As I started learning more about sushi, I found that the meals I spent so much time enjoying had a message of great depth.  Originating in China, sushi existed out of necessity.  Sushi began as a preservation technique that involved rice fermentation greatly extending the life span of caught fish.  In modern times it has intertwined with philosophy and religion establishing its artistic and creative roots that resembles the calmness of the most peaceful Zen paintings.  Beyond the aesthetic pleasures, the message of sushi strives for a deeper meaning: to connect man and nature, transcending the realm of duality and separateness.

Sushi, in its most basic and traditional forms, represents the earth.  Land and water are attributed from its elements of rice and fish.  The balance between the two represent the harmony in nature.  The art of sushi is in its respect and gratefulness, creating a most beautiful display of honor and poise.  Each sushi creation is a tribute to the balance of nature.

It is in this respect that sushi attempts to transcend the detached world of man and nature.  Each piece of sushi praises the forces that support man, thus recognizing our role in the interconnected play of the world.  Through the design, care, and technicality that sushi artists and chefs harbor, the lives of the fish and plants that came from the oceans and soil of the earth are respectfully honored.  The realization of the consciousness of each component of sushi gives love, admiration, and thanks towards the earth.

As man partakes in this experience, he is participating in the gastronomical ceremony of the connectedness of man and earth through sushi.  He is praising his dinner for it is the earth he is eating.  Without the earth, he would not exist.  Sushi is a transcendent experience that involves grace in every bite and every moment.

In previous blogs, I have mentioned the importance of changing the way food is perceived.  Food must be seen as divine in order to understand our connection with the world.  Sushi does just that.  The connection between man and nature is exemplified in the artful display of balance and respect for the consciousness of the earth that supports us.

PS if you’re in los angeles and love traditional sushi, make it your prerogative to spend an evening at Sasabune

The true price of drugs

I have used a lot of drugs in my life.  Substances of all sorts and sizes have been ingested, digested, filtered, and processed through out my body.  I cannot say I am proud of my lengthy laundry list of decisions, … Continue reading

Rate this:

Guru

Meet Guru.  Eight weeks young and full of life.  We have only had him for two days now and I have completely fallen in love.  I am so consumed by his amazing energy that I cannot even fathom another topic to write about.  He is a Shih Tzu and is very adventurous.  He is bold, playful, very smart, and loves milk.  He makes the entire apartment come to life and does the same to everyone he meets.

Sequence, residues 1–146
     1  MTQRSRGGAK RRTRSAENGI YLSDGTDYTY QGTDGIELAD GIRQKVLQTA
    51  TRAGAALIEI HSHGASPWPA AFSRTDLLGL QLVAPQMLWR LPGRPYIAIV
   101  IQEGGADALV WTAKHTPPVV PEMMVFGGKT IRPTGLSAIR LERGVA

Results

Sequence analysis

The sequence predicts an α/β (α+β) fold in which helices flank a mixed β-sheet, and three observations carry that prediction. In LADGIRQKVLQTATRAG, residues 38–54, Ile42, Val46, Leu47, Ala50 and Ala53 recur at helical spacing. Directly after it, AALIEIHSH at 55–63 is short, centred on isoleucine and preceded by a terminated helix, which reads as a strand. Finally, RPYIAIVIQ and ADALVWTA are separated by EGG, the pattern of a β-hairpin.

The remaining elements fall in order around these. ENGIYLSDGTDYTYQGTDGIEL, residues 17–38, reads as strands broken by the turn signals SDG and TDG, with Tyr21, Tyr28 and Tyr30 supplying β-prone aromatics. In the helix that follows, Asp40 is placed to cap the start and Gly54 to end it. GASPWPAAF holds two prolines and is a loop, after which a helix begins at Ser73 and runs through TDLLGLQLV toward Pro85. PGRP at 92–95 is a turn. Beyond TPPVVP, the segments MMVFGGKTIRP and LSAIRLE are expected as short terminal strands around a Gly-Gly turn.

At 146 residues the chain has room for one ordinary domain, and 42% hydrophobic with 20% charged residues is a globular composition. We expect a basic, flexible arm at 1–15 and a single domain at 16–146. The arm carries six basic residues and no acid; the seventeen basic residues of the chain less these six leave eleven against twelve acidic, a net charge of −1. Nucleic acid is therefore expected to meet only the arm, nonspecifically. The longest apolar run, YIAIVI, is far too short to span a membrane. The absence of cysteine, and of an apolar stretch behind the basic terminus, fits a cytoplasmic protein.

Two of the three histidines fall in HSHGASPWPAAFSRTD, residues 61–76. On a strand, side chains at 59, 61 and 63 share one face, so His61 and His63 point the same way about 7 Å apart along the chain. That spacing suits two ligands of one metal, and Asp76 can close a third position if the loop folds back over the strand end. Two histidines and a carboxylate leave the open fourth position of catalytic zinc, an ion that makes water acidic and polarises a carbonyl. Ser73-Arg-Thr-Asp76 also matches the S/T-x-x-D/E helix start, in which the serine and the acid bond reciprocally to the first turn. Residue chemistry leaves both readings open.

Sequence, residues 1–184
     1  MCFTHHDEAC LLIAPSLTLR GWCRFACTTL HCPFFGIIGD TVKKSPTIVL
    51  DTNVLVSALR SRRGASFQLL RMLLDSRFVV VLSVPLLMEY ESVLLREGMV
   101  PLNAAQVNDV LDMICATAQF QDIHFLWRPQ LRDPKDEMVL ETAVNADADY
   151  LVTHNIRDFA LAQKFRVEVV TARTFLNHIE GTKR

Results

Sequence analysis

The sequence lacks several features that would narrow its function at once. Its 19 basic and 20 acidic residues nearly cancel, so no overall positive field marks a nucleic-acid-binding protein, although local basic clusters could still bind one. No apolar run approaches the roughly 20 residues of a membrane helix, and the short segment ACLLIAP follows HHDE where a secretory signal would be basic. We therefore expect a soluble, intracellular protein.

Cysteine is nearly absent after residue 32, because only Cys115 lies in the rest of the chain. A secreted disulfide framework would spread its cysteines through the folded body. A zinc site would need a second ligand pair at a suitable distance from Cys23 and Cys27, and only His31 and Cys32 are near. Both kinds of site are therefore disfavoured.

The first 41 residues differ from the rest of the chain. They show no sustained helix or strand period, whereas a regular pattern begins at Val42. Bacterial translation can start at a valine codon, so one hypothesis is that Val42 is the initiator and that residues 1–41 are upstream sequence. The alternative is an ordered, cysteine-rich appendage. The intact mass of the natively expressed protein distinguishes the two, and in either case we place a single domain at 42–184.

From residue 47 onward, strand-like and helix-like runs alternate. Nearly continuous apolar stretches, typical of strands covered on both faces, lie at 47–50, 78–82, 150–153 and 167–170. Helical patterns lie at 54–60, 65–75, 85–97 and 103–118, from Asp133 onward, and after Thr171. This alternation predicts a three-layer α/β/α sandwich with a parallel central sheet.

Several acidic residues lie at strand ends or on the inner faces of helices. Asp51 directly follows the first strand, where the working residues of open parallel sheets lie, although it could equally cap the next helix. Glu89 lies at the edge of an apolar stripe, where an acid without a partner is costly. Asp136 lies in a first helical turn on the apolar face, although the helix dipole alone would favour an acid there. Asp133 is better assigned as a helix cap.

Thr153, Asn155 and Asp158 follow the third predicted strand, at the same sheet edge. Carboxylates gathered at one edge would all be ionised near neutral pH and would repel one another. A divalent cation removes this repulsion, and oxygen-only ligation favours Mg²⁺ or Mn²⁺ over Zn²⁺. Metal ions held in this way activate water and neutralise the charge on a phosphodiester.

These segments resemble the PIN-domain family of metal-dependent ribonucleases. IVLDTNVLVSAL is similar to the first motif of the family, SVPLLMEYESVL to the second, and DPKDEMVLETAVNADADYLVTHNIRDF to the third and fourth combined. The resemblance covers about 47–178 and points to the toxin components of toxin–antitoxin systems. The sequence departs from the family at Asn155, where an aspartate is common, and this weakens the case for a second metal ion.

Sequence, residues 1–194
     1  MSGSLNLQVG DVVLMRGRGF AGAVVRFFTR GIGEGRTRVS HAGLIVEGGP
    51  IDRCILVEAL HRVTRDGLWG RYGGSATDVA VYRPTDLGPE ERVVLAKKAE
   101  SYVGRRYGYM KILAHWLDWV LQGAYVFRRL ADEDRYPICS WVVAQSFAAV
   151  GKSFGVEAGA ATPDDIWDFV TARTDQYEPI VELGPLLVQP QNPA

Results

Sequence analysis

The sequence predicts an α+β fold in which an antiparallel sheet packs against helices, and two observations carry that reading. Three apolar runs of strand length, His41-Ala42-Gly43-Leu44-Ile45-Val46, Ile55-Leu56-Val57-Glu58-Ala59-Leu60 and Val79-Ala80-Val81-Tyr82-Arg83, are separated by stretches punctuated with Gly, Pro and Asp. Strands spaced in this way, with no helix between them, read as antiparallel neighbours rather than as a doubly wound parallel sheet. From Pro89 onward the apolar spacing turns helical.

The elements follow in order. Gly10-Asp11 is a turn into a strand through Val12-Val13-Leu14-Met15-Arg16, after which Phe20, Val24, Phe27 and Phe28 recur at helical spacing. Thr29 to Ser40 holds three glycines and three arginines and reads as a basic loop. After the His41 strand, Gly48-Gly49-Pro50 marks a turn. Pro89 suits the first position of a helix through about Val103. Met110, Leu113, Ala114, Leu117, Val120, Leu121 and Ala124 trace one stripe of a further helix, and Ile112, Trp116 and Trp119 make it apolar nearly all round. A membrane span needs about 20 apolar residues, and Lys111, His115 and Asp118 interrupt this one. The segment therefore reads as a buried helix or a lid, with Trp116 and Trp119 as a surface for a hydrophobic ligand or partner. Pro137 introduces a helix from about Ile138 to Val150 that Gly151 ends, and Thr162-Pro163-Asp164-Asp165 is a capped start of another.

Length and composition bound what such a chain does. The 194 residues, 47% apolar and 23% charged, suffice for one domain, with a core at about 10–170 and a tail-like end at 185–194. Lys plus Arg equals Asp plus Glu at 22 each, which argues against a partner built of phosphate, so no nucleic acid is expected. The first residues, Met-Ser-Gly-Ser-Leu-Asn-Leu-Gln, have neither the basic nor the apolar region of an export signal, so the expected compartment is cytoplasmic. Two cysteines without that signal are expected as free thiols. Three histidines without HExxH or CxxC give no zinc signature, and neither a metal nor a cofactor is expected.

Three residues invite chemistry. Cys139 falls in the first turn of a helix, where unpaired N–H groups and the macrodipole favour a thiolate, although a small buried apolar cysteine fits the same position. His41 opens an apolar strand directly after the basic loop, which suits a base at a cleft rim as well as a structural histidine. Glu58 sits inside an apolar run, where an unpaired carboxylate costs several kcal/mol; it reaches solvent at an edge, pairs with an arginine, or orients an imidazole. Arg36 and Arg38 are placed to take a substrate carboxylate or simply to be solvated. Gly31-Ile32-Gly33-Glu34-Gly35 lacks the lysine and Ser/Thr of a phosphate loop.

It is incredible the power a young puppy has over the emotions of random people. My girl friend and I took Guru for a short walk around the neighborhood — it was as if Guru was strolling down the red carpet of a Hollywood premier — and everyone had something to say.  For the first time in a while, I remembered the uncanny ability animals had for evoking purely genuine responses.  The reactions to Guru told me so much about the people we met.  Their emotions ranged from sheer happiness to bitter jealousy to even being threatened.  I was in awe at the cathartic abilities a 3 and a half pound being had over the minds of random people.  This pure, innocent puppy was eliciting unfiltered responses from an otherwise layered and protected world.  It was as if his identity of absolute truthfulness made it impossible for others to act insincerely.

It made me think.  Does absolute truth always summon absolute truth?  If so, how can we as humans create a world where everyone is held accountable based on the principles of truth and authenticity?  My answer starts within.  As I purify my identity, I will encourage others to do the same.  Leading by example will always trump preaching.  I hope that when you read any of my blogs, the candor of my words reigns more powerful than the content.  Writing is of course the art of sincerity and its power lies in the writer’s ability to genuinely transfer his or her thoughts into vocabulary.  The more I write from my heart, the more content I am with my writings.  I also see it fit that the truer I am with my self, the more integral the people in my life become.  Creating a community of integrity and love – which is the same as absolute truth – starts with the self and will spread to others.  Changing the world has never had such grass-root beginnings.

And just for the record, the happiest person Guru and I met was a man who made his living collecting other people’s recyclables.  His smile was as big as guru.